About Adelaide Oval

history - green pickets

History

Adelaide Oval is widely regarded as the most picturesque Test cricket ground in the world with the northern aspect featuring St Peter’s Cathedral rising behind the elegant Edwardian scoreboard.
Centrally located on War Memorial Drive and nestled in the northern city parklands, the Oval is within walking distance of the city; a five minute stroll from the O’Connell and Melbourne Street restaurant precincts and is less than a 15-minute drive from the Adelaide International Airport. It can accommodate close to 34,000 patrons for football matches and about 32,000 patrons for cricket matches.
The Oval’s distinctive Moreton Bay figs were planted in the 1890s and remain a historical backdrop to the northern end of play, as does the Edwardian scoreboard which was designed by architect Kenneth Milne and erected in 1911. The grassed mounds at the southern and northern ends (“the Hills”) were created in 1898 when earth was carted from the banks of the River Torrens.  

The playing surface

Adelaide Oval’s surface is the one of the most acclaimed playing arenas in the worlds as noted by players, administrators and enthusiasts. In 2006-07, the playing surface underwent an $820,000 upgrade. The field was laser levelled, irrigation and drainage was installed and new drought resistant Santa Anna couch planted.

The Oval is now a truly level playing surface. SACA's head curator Damian Hough replaced the retiring Les Burdett in June. Often working under intense scrutiny, Damian and his team have prepared grounds for cricket, AFL, SANFL finals series, soccer and Rugby League.

Adelaide Oval is a long narrow ground with deep pockets (when thinking in Australian football terms) and a shape resembling a capital D. This is due largely to the cycling track that graced the Oval more than 100 years ago. In those days the track was on the edge of the grass and the picket fence separated spectators from the riders. The straight boundary was the finishing straight which ran in front of the vice-regal enclosure located at the top of the wrought iron stairs in the George Giffen Stand.

Cycling ceased in 1910 and the picket fence was transferred to the edge of the grass at that time. The Oval’s short square boundaries and deep pockets will be reshaped as part of the western grandstand redevelopment. The newly curved western perimeter will bring fans in the north-west and south west corners of the ground 12-15 metres closer to the action and will remove the “impossible kick” for goal from the pockets. Only very few seats will be lost from the middle (approximately 280) while an additional 1,250 will be gained in the newly curved pockets. Ovalising is necessary in order to be able to accommodate a variety of sports and be more competitive nationally and internationally. The ovalising of the field will create a playing surface that is consistent with the SCG and Telstra Dome.

The home of cricket and host of major sporting and entertainment events Adelaide Oval is home to international cricket in the South Australia and the state’s elite squads, the Redbacks and Scorpions. Cricket was first played at the Adelaide Oval in 1873 and the first Test match was played in December 1884, but it was the infamous Bodyline Test in January 1933 that saw a record 174,452 spectators come to Adelaide Oval to watch cricket. The more recent 2006-07 Ashes Test was also a major event with 136,761 spectators enjoying the five days of play.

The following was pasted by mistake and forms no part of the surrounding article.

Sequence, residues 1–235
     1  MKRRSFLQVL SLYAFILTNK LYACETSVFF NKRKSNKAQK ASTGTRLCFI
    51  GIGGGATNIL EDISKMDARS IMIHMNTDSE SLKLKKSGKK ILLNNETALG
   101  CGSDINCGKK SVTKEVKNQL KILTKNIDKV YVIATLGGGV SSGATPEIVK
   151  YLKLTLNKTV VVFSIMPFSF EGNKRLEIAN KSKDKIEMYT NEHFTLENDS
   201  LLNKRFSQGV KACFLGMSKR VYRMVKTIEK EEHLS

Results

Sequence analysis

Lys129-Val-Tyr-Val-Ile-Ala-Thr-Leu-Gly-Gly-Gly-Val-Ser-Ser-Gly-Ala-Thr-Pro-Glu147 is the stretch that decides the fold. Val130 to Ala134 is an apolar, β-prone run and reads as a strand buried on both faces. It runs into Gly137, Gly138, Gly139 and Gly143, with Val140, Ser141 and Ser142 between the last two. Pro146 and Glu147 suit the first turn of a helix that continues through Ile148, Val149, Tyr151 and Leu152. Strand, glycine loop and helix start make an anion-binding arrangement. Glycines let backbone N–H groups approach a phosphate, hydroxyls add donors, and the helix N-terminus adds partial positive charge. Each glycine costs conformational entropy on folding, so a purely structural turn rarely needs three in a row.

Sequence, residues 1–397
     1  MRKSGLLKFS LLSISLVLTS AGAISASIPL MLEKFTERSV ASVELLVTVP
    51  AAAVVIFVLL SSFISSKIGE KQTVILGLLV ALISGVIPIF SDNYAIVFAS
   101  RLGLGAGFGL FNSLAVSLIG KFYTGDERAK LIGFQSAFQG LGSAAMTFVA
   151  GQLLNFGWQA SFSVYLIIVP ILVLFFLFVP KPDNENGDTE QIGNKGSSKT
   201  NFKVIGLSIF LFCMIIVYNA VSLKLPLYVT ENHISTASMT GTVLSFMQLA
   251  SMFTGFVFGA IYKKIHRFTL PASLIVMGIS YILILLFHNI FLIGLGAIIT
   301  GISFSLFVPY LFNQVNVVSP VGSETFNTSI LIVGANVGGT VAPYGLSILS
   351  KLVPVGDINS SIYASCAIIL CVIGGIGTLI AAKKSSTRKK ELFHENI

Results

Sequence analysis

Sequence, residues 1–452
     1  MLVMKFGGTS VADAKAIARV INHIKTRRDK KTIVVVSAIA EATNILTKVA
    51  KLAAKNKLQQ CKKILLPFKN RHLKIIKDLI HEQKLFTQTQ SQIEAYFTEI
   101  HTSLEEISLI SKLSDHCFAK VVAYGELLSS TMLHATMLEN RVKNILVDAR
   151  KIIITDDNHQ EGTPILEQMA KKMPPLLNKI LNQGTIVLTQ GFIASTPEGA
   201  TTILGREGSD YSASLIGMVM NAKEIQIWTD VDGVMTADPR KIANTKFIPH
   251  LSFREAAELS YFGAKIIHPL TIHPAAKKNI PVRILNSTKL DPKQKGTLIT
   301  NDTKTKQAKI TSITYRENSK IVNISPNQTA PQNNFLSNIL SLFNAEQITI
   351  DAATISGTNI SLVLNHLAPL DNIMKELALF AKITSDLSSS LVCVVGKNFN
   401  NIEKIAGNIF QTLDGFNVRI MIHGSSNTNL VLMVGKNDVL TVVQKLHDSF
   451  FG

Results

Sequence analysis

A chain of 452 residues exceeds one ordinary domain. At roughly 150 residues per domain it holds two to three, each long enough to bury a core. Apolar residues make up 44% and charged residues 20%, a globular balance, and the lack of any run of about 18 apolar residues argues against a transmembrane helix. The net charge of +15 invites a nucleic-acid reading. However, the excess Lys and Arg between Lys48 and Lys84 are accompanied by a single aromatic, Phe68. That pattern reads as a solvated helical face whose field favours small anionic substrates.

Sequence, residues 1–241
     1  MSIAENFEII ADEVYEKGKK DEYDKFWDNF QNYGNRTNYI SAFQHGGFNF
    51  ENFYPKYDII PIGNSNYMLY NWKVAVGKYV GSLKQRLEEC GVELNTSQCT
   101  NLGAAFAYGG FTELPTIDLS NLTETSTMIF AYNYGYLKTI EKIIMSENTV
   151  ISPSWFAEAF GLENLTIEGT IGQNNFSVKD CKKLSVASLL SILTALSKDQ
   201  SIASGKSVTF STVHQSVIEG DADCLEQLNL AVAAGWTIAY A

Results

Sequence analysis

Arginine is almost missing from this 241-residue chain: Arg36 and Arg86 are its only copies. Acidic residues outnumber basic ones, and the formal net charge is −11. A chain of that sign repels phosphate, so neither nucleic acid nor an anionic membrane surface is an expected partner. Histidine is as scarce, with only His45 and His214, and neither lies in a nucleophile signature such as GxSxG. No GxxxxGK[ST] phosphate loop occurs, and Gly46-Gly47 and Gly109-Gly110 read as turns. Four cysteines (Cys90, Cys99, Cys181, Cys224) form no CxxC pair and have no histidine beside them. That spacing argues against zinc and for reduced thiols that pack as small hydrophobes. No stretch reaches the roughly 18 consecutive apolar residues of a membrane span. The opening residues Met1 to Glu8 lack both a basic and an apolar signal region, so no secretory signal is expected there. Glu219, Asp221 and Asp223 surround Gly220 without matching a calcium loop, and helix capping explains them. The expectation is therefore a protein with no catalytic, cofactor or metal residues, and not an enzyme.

Cricket at the Adelaide Oval is a significant part of South Australia’s tourism industry. Approximately 4500 international and 7000 interstate tourists visited Adelaide during the 2006-07 Test contributing $58.5 million to the state economy and delivering 132 full-time jobs during 2006-07.

However, the highest single day’s attendance record for any sport played at the Adelaide Oval belongs to football with 62,543 people attending the 1965 grand final between Port Adelaide and Sturt. Australian football was first played at Adelaide Oval in 1877 and since that time, 18 sports including archery, athletics, baseball, cycling, hockey, lacrosse, lawn tennis, rugby and soccer have been played at the Oval. Most recently, this has included the International Rugby Sevens Adelaide tournament and the World Police and Fire Games opening ceremony.

As one of South Australia’s iconic venues, the Adelaide Oval has also hosted visits by three future kings of England and Queen Elizabeth on the 1954 royal tour. Other state events held at the Oval include the memorial services for Dame Nellie Melba, Pope John Paul and former Test cricketer David Hookes.

Some of the world’s best-known entertainers have performed at the Oval with Paul McCartney, Michael Jackson and Madonna all playing to capacity crowds. In 1998, Elton John and Billy Joel played to a crowd of 37,000 at the Adelaide Oval.

 

About Adelaide Oval

SACA

ABN: 94 694 912 780
Adelaide Oval
North Adelaide
South Australia 5006
T:(08) 8300 3800
F:(08) 8231 4346
E: sacamembershipservices@saca.com.au